Cothran “Cot” Campbell, the Dogwood Stable founder who pioneered partnerships in horse racing and entered the National Museum of Racing and Hall of Fame this year, died Saturday, according to Aiken Standard reporter Deirdre B. Biles. He was 91.

Campbell began Dogwood Stable in 1967. Forty years later, and in the same year top runner Palace Malice won the Belmont Stakes, the operation merged into the current Eclipse Thoroughbred Partners group.

Dogwood Stable is credited for bringing more than 1,200 new owners into racing with at least 70 stakes winners campaigned in its green and yellow silks, also among them Summer Squall, the 1990 Preakness Stakes winner, and Storm Song, who won the 1996 Breeders’ Cup Juvenile Fillies and earned an Eclipse Award.

Campbell came up with the idea to syndicate shares of horses to both bring in new owners and minimize risk.

A native of New Orleans who settled in Aiken, S.C., Campbell served as a trustee at the National Museum of Racing and Hall of Fame — he was welcomed as part of the most-recent “Pillars of the Turf” class — and received the Eclipse Aware of Merit in 2012.“I’ve had an absolutely wonderful life,” he said upon entering the Hall of Fame. “A hell of a lot of it is due to the lady I married (Anne Campbell) and a hell of a lot of it is due to the horses. My career in racing has taken me to Japan and Dubai and all over Europe. I’ve done business with the Aga Khan and Queen Elizabeth and Sheikh Mohammed. My life has been adventurous, glamorous, exciting and tumultuous … and no one could be more aware of it and more appreciative of it.”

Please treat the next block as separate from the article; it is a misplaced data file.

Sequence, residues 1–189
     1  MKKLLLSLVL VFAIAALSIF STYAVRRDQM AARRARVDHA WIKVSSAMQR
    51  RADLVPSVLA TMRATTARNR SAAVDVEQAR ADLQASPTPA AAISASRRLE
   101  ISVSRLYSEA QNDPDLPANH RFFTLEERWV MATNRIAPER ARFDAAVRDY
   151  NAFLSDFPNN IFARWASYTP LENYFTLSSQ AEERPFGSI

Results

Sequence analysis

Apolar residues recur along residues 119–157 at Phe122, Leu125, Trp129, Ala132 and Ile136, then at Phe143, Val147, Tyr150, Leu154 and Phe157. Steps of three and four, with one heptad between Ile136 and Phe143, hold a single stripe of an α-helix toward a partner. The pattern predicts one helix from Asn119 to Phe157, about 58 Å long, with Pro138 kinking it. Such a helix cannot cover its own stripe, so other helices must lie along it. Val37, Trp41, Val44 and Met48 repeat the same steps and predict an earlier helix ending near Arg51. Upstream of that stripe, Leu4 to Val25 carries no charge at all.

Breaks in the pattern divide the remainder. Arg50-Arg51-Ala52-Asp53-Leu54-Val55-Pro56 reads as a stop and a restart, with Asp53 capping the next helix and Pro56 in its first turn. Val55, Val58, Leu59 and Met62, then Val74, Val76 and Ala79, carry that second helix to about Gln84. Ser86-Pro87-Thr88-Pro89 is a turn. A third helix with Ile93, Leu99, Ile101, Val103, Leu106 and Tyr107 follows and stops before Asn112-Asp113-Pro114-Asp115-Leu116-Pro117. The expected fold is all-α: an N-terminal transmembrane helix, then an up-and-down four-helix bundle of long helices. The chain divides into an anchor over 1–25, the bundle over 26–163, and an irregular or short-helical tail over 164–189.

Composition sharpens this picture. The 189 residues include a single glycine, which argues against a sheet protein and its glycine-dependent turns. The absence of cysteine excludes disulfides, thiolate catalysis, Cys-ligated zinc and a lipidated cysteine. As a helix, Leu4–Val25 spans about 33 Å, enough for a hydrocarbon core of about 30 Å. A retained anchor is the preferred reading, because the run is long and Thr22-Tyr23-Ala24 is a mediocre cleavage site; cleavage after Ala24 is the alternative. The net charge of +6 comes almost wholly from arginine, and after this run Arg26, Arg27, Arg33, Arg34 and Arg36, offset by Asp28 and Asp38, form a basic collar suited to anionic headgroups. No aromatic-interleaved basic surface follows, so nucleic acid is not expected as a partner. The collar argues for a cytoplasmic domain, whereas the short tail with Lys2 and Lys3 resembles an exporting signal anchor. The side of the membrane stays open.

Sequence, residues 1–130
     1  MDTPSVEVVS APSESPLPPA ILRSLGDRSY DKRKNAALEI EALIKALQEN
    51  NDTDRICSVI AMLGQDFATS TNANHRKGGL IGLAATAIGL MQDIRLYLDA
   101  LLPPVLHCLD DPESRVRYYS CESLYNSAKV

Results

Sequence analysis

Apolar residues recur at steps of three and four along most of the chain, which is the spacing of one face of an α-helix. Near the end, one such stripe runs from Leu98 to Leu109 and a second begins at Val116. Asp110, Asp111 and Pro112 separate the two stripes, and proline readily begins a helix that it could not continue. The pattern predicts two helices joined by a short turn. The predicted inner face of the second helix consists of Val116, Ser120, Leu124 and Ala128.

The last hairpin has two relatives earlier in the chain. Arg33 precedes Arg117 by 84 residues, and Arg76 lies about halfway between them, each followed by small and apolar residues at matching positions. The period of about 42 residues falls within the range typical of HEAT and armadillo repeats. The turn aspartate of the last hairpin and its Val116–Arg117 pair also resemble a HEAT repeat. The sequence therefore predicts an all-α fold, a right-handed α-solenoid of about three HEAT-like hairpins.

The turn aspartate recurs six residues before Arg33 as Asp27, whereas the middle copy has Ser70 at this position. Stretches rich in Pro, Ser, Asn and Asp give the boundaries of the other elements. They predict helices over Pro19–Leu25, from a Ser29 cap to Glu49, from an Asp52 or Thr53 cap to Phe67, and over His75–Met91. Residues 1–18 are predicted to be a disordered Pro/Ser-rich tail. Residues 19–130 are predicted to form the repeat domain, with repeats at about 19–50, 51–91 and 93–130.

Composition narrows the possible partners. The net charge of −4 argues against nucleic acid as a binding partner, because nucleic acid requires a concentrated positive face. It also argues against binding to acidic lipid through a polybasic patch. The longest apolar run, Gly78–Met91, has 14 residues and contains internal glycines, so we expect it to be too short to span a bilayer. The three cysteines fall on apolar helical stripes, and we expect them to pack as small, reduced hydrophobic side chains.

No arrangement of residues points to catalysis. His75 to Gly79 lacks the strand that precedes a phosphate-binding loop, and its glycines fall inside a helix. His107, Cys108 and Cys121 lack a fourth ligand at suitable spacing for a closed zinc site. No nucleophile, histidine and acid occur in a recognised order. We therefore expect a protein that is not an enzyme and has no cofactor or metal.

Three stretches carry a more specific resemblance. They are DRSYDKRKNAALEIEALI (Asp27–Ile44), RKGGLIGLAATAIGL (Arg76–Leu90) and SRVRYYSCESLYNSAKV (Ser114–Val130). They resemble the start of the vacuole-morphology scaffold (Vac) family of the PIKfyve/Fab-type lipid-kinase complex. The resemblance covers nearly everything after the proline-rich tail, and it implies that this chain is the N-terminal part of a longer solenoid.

Aiken’s First Baptist Church announced that arrangements are pending.


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